8. The intake manifold according to claim 7, wherein the second end of said each branch pipe has an end surface, the receiving bore of the surge tank having an upper surface for contact with the end face of the second end of said each branch pipe, a distance between a center axis of the connecting bore of the common flange and the upper surface of the receiving bore is larger than a distance between a center axis of the first end of said each branch pipe and the end surface of the second end of said each branch pipe when said each branch pipe is connected to the common flange and the surge tank.
9. An inertia charge intake manifold in an internal combustion engine having a plurality of cylinders, the intake manifold comprising:
elongated separate branch pipes each corresponding to a respective one of the cylinders;
a common flange for connecting a first end of each branch pipe to the internal combustion engine; and
a surge tank to which a second end of said each branch pipe is connected;
wherein the common flange, the surge tank and said each branch pipe are made of a hard thermoplastic synthetic resin, the common flange being connected to the surge tank via said each branch pipe; and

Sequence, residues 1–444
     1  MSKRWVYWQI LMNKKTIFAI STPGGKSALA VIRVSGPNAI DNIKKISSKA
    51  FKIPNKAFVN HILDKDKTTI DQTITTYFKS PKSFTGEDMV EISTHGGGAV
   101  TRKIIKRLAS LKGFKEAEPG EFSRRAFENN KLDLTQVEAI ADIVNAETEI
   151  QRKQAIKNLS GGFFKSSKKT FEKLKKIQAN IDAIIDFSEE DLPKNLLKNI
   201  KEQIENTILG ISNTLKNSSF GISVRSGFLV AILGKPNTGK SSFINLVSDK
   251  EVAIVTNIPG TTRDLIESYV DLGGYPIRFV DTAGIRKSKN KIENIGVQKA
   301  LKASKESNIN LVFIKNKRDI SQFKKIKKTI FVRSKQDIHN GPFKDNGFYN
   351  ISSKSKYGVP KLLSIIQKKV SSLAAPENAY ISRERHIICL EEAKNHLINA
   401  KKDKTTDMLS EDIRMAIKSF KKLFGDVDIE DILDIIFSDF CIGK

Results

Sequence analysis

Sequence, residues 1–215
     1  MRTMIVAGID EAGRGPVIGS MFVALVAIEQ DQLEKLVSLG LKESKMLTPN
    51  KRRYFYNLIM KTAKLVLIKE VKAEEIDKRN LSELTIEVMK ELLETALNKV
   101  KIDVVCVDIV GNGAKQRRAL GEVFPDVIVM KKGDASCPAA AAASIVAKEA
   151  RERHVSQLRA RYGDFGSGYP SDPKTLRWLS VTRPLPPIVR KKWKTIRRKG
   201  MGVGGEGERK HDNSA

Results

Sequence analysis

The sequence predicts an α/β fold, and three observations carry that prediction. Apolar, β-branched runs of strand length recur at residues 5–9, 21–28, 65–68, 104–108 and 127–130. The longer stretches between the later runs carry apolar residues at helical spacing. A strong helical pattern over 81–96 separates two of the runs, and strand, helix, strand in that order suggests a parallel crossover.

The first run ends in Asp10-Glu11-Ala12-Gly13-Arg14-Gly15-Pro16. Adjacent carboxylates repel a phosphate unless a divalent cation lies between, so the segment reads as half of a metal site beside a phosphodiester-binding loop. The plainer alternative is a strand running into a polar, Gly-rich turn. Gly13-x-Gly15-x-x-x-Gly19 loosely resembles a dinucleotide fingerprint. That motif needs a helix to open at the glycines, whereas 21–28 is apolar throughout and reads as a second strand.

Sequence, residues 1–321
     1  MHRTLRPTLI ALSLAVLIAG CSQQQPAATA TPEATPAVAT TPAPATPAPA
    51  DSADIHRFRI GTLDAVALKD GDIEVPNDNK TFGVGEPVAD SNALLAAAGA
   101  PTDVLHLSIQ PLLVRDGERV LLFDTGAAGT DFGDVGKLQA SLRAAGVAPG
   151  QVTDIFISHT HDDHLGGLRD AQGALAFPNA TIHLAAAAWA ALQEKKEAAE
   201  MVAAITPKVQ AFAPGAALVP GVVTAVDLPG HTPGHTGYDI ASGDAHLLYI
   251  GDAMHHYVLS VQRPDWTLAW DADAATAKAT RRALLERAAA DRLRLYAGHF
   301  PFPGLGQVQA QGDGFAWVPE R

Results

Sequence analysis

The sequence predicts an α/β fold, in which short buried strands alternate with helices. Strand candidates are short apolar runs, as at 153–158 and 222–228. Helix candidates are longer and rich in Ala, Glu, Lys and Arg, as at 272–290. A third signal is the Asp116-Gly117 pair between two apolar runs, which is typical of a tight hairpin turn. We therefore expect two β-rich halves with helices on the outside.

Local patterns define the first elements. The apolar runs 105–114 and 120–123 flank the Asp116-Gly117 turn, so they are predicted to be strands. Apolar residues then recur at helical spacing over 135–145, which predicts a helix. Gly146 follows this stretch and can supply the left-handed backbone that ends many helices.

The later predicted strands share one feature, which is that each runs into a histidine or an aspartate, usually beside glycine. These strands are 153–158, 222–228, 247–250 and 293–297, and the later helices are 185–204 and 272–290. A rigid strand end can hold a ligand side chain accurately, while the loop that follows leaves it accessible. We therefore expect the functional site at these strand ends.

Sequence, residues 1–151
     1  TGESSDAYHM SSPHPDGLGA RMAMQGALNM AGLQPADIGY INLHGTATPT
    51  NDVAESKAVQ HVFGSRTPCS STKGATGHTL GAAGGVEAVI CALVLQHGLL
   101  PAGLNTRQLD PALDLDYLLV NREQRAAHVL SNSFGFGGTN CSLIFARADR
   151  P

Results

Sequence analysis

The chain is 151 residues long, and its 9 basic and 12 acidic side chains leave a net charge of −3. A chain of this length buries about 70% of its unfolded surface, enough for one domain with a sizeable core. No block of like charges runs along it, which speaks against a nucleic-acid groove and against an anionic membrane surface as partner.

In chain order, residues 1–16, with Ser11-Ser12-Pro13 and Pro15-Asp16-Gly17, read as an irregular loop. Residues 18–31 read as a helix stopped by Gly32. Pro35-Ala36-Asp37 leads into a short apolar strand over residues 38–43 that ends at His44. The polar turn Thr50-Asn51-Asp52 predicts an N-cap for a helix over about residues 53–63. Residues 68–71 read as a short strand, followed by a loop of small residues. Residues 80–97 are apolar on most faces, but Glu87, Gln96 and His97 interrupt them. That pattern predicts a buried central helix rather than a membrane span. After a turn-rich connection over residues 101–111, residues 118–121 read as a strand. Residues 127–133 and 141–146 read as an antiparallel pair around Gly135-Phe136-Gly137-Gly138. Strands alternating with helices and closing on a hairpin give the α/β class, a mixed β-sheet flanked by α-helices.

wherein the first end of said each branch pipe is integrally formed with a cylindrical protrusion which is fitted into a connecting bore formed in the common flange, the common flange being provided with a connection surface attached to the internal combustion engine, the connection surface being provided with a circular hollow portion extending around the cylindrical protrusion of said each branch pipe, the circular hollow portion and the cylindrical protrusion of said each branch pipe forming an annular recess for accommodating a ring-shaped sealing member in a manner such that the sealing member partially projects beyond the connection surface of the common flange.
10. The intake manifold according to claim 9, wherein the first end of said each branch pipe is provided with a brim coming into contact with the common flange.